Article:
Pelgrin is quick to credit MS-ISAC members for the group’s success. But industry veterans say Pelgrin is the driving force. A trained lawyer, former state CIO and passionate security advocate, he has a nearly perfect skill set for leading the organization.
Michigan Chief Security Officer Dan Lohrmann has worked with Pelgrin since the early 2000s and spent five years on the MS-ISAC board of directors. He describes Pelgrin as “relentlessly positive.”
“What he does is focus on the pieces of the puzzle that we can agree on,” said Lohrmann. “He fixes those and then moves onto the next thing.”
In addition, Lohrmann describes Pelgrin as a master networker, easily rubbing elbows with federal lawmakers and unafraid to testify on Capitol Hill. And, in an industry that’s often obsessed with secrecy and legal protections, Pelgrin tends to cut through bureaucracy. For instance, Lohrmann says the MS-ISAC was built on a foundation of trust, common purpose — and very little red tape. “Will’s approach was, ‘Send me an email and you are in.’”
Pelgrin may be a lawyer himself, but he admits to steering clear of legalities — at least as much as possible, given the sensitive nature of the group.
“For the longest time I kept lawyers away from the table,” he said. “I didn’t want nondisclosure agreements; I didn’t want contracts. I wanted people to come in with a common passion and a commonunderstanding. It was very informal within a formal context. We developed a code of conduct that you respect the other person’s information and you don’t use it without their approval — and that we’re all in this together.”
One fundamental goal of the MS-ISAC was lifting the shroud of secrecy that surrounds information security breaches so that states could learn from one another.
“In the past, people just hid it. You didn’t know that you had a breach because the person who is responsible probably fixed it really quickly and didn’t say anything,” Pelgrin said. “We can’t have a culture that feels that way. We need this to come to the surface; we need to be able to talk about it.”
That starts with a painful admission from Pelgrin. Years ago, his own home computer was infected by a virus. He still keeps the compromised PC in his basement — a reminder to stay vigilant — but said he intends to take a sledgehammer to it someday. “I start out a lot of my speeches by saying, ‘Hi, I’m Will Pelgrin and I’ve had a security breach,’” Pelgrin said. “If I’m not going to say it, who is?”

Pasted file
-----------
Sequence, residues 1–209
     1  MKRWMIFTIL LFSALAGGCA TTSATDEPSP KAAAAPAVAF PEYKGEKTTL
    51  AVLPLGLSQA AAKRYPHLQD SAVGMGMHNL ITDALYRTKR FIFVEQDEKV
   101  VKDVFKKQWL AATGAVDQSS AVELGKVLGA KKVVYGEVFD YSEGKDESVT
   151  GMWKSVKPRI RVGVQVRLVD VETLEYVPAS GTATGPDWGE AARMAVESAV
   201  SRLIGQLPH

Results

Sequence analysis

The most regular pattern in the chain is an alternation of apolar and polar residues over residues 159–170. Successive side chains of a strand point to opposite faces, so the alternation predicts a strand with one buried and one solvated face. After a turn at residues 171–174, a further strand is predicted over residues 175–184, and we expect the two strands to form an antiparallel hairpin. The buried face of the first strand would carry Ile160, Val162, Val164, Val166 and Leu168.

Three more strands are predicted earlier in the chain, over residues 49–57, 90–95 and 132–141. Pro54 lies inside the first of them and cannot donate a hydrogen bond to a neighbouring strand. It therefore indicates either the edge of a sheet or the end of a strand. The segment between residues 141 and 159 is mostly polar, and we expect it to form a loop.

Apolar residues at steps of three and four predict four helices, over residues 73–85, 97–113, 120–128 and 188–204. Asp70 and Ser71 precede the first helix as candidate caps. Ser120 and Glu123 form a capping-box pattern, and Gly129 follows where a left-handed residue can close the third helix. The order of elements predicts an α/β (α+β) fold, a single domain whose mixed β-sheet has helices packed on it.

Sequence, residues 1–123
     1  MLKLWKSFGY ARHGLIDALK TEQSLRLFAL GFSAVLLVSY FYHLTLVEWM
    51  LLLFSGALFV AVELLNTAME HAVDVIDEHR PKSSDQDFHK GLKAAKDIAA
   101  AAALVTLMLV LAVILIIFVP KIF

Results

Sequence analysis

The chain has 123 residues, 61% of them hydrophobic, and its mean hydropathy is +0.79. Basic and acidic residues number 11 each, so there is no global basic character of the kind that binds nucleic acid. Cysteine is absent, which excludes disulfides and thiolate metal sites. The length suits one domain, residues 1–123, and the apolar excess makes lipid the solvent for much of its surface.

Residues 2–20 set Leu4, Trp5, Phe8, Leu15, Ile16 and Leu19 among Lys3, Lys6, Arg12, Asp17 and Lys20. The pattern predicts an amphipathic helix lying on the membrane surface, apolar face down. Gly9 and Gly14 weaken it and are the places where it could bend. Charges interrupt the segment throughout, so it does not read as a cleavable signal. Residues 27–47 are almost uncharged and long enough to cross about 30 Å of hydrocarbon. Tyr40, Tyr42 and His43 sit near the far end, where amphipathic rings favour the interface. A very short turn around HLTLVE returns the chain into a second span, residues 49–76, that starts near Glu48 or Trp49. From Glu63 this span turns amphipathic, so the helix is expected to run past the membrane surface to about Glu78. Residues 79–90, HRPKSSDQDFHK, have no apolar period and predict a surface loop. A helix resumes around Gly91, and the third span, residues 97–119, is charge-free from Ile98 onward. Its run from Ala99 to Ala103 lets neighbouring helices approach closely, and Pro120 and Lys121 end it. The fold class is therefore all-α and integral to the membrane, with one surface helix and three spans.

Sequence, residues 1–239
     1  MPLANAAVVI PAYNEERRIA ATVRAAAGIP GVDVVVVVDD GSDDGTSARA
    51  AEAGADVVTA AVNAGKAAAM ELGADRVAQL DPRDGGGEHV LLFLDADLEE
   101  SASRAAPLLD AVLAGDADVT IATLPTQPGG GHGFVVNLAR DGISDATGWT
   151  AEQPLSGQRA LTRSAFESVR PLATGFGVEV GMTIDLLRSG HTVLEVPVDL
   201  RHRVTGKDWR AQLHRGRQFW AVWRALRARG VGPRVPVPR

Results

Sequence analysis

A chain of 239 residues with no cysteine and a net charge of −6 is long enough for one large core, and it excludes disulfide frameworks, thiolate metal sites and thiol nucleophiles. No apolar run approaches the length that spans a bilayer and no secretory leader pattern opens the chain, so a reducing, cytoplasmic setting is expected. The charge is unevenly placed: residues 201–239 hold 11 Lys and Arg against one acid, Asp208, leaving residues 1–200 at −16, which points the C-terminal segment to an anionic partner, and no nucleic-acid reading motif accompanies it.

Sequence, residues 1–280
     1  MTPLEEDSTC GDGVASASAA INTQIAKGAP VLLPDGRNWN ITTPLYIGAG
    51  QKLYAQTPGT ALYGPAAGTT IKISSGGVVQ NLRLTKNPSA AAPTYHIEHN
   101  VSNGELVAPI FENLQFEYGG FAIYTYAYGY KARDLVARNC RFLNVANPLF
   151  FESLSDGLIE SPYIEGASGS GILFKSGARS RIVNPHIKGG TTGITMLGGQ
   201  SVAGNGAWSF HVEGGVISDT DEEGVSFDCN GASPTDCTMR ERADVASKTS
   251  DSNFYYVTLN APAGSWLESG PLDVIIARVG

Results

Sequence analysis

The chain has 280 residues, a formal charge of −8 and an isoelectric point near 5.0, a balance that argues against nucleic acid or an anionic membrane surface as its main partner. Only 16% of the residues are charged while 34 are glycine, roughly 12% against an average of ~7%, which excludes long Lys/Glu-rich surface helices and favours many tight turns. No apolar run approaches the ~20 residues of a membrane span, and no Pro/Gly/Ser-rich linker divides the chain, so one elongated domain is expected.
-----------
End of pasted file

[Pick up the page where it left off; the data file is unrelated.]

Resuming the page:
Desire for better information sharing drove the biggest change in the MS-ISAC’s existence — a shift to nonprofit status in 2010. After nine years of operation within New York state government, the MS-ISAC joined with the Center for Internet Security, a nonprofit group that had been providing checklists for securely configuring computer systems since 2000. The combined organization, which retained the CIS name, moved into a state-of-the-art facility just outside of Albany, N.Y., and Pelgrin became its CEO.
The move to nonprofit status eases turf disputes with other government entities, Pelgrin said. And positioning the MS-ISAC as a trusted third party opens the door to greater information sharing between the public and private sectors, as well as new types of partnerships. “We’re doing things now that I don’t think would have been possible as a for-profit or government entity,” he said.
The heart of the CIS is the Security Operations Center (SOC), where teams of analysts monitor customer networks and scan the Internet for emerging threats 24 hours a day. In the room’s dim light, banks of monitors glow with news coverage and maps showing cyberalert levels for all 50 states. MS-ISAC members agree to follow a standard color-coded, five-level alert protocol. During a recent visit, most states on the map were shaded blue, indicating a “guarded” condition. The rest were green, signifying low threat activity.